League strengths highlighted

Maori women must leverage the proud legacy of the Maori Women's Welfare League to have an influence on the top levels of the social and political agenda, president Kataraina O'Brien says.

She told the league's national conference in Blenheim on Friday that since 1951, the league had served and created many women leaders who had given outstanding service to family, hapu, iwi, marae, ministers, and the country.

"We have a proud legacy. We must not lose that. We must leverage it wisely to bring the league back to our rightful place at the decision-making table."

She said that for the league to get back to that table, members must work together on issues.

"The Christchurch earthquakes, economic climate, endemic poverty of our mokopuna without kai, shelter, or support - that's what our legacy must bear up to."

As part of that, the organisation would develop a national website that would help members to connect with and help each other.

Area representatives would work to grow branch memberships. The league's constitutional review was under way. The general manager's position, vacant after Jacqui Te Kani's death last month, was being reviewed and would be advertised.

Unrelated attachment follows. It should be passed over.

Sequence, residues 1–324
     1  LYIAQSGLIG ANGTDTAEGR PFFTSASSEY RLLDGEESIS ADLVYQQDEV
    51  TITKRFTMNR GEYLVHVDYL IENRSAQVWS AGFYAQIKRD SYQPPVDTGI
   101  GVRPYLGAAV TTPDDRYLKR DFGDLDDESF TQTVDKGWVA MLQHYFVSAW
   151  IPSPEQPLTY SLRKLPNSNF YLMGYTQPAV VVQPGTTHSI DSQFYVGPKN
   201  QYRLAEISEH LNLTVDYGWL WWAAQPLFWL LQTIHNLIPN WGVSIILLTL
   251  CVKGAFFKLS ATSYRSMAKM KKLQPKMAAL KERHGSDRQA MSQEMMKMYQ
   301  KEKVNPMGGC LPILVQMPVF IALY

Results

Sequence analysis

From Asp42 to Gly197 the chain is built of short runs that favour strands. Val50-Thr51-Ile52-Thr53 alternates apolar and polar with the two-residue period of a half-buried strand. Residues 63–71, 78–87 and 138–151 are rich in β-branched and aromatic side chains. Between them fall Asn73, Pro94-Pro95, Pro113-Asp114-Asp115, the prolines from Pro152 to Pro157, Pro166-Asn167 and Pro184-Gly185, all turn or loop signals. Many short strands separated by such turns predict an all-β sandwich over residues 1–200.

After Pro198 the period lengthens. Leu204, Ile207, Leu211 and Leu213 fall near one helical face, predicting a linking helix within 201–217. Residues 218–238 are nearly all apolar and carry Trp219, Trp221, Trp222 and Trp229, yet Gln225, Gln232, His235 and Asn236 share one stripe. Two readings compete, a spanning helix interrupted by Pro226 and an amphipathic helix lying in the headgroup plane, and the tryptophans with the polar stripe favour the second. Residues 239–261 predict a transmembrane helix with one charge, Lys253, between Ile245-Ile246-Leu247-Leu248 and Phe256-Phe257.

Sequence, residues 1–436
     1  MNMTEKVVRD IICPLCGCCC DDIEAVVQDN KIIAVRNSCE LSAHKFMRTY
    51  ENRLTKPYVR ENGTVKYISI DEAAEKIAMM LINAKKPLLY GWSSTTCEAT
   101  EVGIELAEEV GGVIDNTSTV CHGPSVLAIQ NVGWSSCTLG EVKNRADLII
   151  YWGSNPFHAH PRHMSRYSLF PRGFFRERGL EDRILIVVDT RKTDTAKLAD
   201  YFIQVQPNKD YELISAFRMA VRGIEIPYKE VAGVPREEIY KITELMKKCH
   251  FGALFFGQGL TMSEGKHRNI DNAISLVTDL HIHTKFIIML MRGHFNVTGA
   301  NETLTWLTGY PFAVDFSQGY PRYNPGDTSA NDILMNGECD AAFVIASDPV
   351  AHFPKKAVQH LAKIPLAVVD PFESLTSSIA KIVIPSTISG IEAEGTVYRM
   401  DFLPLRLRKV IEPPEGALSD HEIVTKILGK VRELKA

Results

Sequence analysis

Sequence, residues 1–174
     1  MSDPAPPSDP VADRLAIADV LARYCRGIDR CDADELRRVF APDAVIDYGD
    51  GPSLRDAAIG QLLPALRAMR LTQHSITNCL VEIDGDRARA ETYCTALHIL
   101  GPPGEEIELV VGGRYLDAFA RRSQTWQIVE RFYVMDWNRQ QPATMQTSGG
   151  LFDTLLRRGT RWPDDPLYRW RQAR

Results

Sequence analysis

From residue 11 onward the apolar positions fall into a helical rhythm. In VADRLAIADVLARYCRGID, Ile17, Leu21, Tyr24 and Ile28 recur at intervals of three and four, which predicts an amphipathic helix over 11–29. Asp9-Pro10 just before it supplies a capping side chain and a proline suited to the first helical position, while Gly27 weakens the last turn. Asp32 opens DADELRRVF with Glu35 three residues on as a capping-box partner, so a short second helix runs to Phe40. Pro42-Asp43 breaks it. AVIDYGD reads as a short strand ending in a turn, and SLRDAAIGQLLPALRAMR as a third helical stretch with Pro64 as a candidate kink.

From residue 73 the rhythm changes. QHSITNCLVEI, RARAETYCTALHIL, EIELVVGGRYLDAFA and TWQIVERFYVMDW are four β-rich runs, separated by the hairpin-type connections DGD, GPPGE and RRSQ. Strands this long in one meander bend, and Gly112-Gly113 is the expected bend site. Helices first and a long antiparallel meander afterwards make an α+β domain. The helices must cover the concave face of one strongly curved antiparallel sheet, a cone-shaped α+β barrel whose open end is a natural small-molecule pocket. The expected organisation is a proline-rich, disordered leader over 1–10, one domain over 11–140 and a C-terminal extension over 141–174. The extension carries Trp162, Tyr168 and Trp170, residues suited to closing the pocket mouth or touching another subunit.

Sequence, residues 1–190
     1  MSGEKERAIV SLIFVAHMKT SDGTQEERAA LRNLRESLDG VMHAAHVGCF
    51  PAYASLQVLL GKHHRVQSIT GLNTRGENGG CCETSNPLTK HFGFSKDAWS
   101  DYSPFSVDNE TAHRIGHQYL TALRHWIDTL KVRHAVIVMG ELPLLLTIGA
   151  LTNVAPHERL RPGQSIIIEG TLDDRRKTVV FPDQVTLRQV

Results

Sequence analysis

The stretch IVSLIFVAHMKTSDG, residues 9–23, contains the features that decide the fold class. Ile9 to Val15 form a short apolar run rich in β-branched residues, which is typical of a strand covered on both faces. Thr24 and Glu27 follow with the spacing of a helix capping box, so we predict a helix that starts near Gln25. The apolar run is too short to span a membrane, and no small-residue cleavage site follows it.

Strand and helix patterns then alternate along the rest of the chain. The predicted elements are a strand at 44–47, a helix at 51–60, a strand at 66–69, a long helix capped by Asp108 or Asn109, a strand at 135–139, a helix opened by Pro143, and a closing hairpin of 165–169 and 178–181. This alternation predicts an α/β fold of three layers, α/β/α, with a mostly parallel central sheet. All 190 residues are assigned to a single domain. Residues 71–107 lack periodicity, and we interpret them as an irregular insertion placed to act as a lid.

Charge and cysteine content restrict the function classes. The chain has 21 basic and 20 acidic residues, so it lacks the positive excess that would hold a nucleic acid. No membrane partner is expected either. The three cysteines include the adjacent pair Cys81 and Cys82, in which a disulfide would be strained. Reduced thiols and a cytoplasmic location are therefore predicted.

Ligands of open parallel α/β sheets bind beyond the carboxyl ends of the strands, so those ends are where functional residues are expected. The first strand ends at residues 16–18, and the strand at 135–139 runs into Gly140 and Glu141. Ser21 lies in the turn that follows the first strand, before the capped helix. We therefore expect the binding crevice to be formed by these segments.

Keynote speaker Dame June Mariu told the conference that the league's strength was its unity.

"Our unity is our strength. Strength amongst ourselves first and then we work with the others that strengthen whatever we are doing and then we help them."

She said she had seen the need to get back to basics. Support for families had to start before children were born, because they could be affected then, and they needed the best possible start.

"It's all about from the womb to the tomb."

Dame June proposed forming a "men's welfare league" to encourage men to take up these issues as well.

"Women and men must work together to progress our young people, our Maori race. We are asking for the total wellbeing of Maori and all of the people in Aotearoa. We've had no problem singing it to the prime ministers of the day."

Kahurangi Dame June said later that the league's work was about making sure families were strong, and people needed to get back to basics. She regretted the expiry of her marriage celebrant's license because marriage was important.

"Being good parents is what it's all about. It's not a one-night stand, it's all about relationships."

She said men needed to look after their women, and teach the boys to respect girls. Girls in turn had to earn that respect.

More than 500 people attended the conference, which ended yesterday. Several MPs - including Maori Party MP Te Ururoa Flavell, and Labour MPs Nanaia Mahuta and Louisa Wall - were there on Friday, and leaders from "kindred" organisations Age Concern, Rural Women NZ, Women's Institute, National Council of Women, and Pasifika also attended.

The Maori Women's Welfare League was formed in 1951, and has eight branches and about 3000 members nationally.

The Marlborough Express